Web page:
|Part of||Ancient city|
|Area||11 hectares (110,000 m2)|
|Material||stone, flints, pottery|
|Excavation dates||1956, 1960–1968, 1985-|
|Archaeologists||Maurice Dunand, N. Saliby, A. Bounn, Leila Badre, Assaad Seif|
|Management||Directorate-General of Antiquities and Museums|
Tell Kazel is an oval-shaped tell that measures 350 metres (1,150 ft) by 325 metres (1,066 ft) at its base, narrowing to 200 metres (660 ft) by 200 metres (660 ft) at its top. It is located in the Safita district of the Tartus Governorate in Syria in the north of the Akkar plain on the north of the al-Abrash river approximately 18 kilometres (11 mi) south of Tartus.
The tell was first surveyed in 1956 after which a lengthy discussion was opened by Maurice Dunand and N. Saliby identifying the site with the ancient city variously named Sumur, Simyra or Zemar (Egypt. Smr Akkad. Sumuru or Assyrian Simirra). The ancient city is mentioned in the Bible, Book of Genesis (Genesis 10:18) and 1 Chronicles (1 Chronicles 1:16) as the home of the Zemarites, an offshoot of the Caananites. It was a major trade center and appears in the Amarna letters; Ahribta is named as its ruler. It was under the guardianship of Rib-Hadda, king of Byblos, but revolted against him and joined Abdi-Ashirta's expanding kingdom of Amurru. Pro-Egyptian factions may have seized the city again but Abdi-Ashirta's son Aziru recaptured the city.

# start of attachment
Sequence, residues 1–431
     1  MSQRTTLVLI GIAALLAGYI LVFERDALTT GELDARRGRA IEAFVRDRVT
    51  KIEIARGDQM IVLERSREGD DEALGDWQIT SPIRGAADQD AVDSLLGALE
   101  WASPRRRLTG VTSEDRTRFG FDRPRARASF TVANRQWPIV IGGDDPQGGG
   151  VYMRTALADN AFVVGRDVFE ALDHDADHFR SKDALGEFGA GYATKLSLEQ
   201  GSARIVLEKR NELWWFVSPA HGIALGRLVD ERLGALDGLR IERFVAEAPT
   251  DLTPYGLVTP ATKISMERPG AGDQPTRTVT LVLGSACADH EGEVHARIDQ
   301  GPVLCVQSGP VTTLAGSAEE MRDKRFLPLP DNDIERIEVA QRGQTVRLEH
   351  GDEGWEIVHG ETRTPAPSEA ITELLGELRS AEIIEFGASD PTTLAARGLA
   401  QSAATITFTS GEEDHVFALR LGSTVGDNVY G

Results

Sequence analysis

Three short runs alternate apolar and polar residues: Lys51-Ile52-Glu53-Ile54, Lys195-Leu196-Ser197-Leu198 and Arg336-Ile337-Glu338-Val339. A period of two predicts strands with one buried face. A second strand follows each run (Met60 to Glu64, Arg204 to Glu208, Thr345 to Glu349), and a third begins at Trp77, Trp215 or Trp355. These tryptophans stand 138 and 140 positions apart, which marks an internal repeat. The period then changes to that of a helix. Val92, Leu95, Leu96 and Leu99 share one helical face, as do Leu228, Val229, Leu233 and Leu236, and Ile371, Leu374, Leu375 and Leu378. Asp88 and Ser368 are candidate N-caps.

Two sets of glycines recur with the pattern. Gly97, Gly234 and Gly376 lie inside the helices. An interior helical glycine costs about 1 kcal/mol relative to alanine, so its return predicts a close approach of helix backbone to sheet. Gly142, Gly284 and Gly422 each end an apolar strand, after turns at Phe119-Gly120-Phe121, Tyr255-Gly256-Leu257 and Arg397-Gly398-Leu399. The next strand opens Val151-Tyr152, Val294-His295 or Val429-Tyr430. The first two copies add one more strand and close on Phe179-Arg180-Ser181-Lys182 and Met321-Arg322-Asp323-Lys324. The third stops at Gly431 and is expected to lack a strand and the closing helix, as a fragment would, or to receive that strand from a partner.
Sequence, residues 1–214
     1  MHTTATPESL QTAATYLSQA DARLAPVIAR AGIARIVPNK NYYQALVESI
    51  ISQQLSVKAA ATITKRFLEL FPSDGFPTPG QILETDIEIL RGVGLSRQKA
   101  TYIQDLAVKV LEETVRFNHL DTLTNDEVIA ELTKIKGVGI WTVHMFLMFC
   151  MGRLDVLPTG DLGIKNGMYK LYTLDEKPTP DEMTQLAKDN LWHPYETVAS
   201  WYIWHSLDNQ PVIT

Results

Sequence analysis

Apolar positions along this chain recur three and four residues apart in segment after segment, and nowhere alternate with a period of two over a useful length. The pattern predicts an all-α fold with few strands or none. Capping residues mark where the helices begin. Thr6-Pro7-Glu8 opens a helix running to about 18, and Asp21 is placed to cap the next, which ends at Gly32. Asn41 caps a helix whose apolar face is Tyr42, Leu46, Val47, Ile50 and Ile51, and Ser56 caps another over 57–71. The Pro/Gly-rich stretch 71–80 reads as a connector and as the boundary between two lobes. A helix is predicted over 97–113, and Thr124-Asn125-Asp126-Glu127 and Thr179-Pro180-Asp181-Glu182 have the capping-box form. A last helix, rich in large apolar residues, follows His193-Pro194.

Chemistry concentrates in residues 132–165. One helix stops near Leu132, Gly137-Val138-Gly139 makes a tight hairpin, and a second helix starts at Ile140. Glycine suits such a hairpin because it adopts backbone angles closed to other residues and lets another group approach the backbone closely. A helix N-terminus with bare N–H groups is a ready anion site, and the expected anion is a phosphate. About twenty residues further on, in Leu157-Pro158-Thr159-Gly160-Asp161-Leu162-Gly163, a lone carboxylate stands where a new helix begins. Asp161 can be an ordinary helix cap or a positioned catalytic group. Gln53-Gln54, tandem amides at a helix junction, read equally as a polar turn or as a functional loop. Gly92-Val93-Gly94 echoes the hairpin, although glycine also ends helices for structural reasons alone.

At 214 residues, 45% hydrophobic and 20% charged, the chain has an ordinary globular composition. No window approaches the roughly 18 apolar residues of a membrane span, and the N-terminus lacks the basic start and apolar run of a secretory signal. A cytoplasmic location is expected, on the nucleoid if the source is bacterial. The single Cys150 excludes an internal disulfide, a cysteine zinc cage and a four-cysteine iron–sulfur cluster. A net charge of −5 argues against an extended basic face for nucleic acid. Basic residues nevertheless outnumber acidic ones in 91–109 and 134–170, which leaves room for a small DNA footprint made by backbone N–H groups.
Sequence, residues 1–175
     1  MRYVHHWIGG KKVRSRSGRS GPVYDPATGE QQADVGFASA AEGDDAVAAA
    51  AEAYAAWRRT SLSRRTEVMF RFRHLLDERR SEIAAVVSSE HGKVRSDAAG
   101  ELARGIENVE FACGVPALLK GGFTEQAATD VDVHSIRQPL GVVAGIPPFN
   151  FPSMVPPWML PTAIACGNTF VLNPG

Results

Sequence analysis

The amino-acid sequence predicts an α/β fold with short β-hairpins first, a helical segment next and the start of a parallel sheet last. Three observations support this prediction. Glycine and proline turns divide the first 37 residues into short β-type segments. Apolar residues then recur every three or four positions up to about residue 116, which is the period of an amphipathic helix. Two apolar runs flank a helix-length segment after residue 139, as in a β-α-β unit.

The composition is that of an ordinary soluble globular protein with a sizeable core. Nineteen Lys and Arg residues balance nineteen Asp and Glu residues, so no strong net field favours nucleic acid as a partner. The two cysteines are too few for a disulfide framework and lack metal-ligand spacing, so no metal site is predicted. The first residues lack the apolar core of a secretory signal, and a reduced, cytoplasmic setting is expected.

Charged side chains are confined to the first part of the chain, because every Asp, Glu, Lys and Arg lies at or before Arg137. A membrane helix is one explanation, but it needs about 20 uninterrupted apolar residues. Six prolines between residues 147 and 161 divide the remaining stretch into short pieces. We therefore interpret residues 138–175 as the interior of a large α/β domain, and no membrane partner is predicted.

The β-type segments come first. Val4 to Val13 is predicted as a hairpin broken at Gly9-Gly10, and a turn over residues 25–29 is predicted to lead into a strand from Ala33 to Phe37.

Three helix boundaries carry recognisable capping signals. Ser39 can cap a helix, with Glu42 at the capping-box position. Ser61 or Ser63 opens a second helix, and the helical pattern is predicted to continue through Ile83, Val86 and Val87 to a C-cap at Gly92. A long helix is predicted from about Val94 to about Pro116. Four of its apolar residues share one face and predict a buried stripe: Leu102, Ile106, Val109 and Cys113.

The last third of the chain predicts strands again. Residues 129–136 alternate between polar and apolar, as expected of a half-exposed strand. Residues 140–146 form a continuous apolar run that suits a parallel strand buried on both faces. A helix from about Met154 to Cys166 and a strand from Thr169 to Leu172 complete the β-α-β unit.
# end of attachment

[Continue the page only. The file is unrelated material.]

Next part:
The tell was first excavated between 1960 and 1962 by Maurice Dunand, N. Saliby and A. Bounni who determined a sequence between the Middle Bronze Age through to the Hellenistic civilization. The most important occupations were determined to have taken place during the Late Bronze Age and Persian Empire.
In 1985, new excavations began in partnership between the Archaeological Museum of the American University of Beirut and the Directorate-General of Antiquities and Museums in Syria under the directorship of Leila Badre. A large amount of imported pottery from Cyprus, known as Cypriot bichrome ware, was found dating between the 14th and 12th centuries BC and contrasting to other sites in the Homs gap. The city was destroyed during the Late Bronze Age, after which local Mycenaean ceramics, Handmade burnished ware and Grey ware replaced the imported pottery. Architectural remains at the site include a palace complex and temple that were dated towards the end of the Late Bronze Age. The temple contained a variety of amulets, seals and glazed ware that showed similarities with the culture of Ugarit. A later Iron Age settlement was detected between the 9th and 8th centuries BC which was brought to an end with evidence of burnt destruction caused by a currently unidentified Assyrian invasion. A warehouse and defensive installation made out of ashlar blocks were found dating to the Persian period with further evidence of Hellenistic occupation evidenced by a large cemetery in the northeast of the site.
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